From the website of the Trauma Resource Institute, TRM is defined as a mind-body approach and focuses on the biological basis of trauma and the automatic, defensive ways that the human body responds when faced with perceived threats to self and others, including the responses of “tend and befriend”, fight, flight and freeze. TRM explores the concept of resiliency and how to restore balance to the body and the mind after traumatic experiences. When the focus is on normal biological responses to extraordinary events, there is a paradigm shift from symptoms being described as biological rather than as pathological or as mental weakness. As traumatic stress symptoms are normalized, feelings of shame and self-blame are reduced or eliminated. Symptoms are viewed as the body’s attempt to re-establish balance to the nervous system.
TRM has been designed as both a trauma reprocessing treatment model as well as a self-care model. The nervous system is re-set or rebalanced through a skills-based approach that can be learned and practiced independently. The skills help develop a sense of personal mastery and self-management over intense physical and emotional states. Survivors often report a renewed sense of hope as the activities of daily living become easier to manage as skills are incorporated into life as a wellness practice.
Traditional talk therapy primarily focuses on changing limiting beliefs leading to insight and problem solving strategies. These interventions can be helpful, however, the part of the brain responding to traumatic experience may not benefit fully from cognitive-based interventions. Thus there is a need for a sensory-based stabilization model that focuses on sensations associated with internal resiliency. The TRM skills can be a stand-alone intervention but they can also be integrated into other treatment modalities.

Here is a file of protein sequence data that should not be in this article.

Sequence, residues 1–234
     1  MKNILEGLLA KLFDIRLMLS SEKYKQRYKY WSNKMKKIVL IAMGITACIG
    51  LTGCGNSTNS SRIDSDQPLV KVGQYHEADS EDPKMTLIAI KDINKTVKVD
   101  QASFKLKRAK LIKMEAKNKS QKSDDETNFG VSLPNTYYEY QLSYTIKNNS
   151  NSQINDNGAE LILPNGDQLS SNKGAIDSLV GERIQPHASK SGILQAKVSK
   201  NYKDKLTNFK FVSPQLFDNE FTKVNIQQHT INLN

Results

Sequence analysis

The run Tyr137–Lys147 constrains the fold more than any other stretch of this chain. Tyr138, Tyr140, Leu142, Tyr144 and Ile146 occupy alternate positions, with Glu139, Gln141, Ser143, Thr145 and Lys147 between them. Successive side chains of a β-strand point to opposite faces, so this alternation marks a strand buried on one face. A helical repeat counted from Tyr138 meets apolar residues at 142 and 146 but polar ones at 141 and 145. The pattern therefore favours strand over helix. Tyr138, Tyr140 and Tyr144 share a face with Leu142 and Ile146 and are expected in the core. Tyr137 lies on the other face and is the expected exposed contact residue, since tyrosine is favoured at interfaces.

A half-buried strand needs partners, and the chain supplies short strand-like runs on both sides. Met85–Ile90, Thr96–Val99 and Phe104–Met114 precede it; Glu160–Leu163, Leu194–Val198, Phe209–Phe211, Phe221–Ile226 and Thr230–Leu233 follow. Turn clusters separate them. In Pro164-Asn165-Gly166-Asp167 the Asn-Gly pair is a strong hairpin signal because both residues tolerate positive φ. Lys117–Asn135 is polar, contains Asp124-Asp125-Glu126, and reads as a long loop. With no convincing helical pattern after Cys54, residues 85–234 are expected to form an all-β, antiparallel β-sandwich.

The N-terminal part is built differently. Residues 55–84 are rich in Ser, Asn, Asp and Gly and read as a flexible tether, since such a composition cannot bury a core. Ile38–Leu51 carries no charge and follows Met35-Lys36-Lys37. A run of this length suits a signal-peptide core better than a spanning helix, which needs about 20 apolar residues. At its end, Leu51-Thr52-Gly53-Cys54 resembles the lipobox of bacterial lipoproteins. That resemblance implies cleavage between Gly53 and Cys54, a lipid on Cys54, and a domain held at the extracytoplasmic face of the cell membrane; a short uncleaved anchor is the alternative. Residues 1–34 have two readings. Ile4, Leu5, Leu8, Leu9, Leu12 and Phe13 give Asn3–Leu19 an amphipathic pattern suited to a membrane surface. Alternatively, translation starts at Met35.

TRM skills have been used internationally in projects in Guatemala, China, Rwanda, Kenya, Haiti and Japan. TRM has been used domestically within the United States in the aftermath of Hurricanes Katrina and Rita, in the Department of Behavioral Health of San Bernardino County following the firestorms in Southern California.
Organizations that have co-sponsored TRM trainings include the World Health Organization, the Unitarian Universalist Service Committee, Bethesda Naval Center PTSD Unit, VA Los Angeles, Department of Veterans Affairs, San Bernardino County, California, Department of Behavioral Health, San Bernardino County, Sierra Tucson Treatment Center, Stanford University, Smith College, Southern California Counseling Center, Multicultural Counseling and Consulting Center and Canyon Rehab.
TRM has been reviewed by the US Congress as a Best Practice Intervention, and the Department of Defense named TRM a promising practice in a white paper to congress that was published in March of 2011.
TRM can be used to treat any person who has experienced or witnessed any event that was perceived as life threatening or posed a serious injury to themselves or to others. It is helpful for workers in the front lines after traumatic events as it can reduce vicarious traumatic reactions and be used for self-care.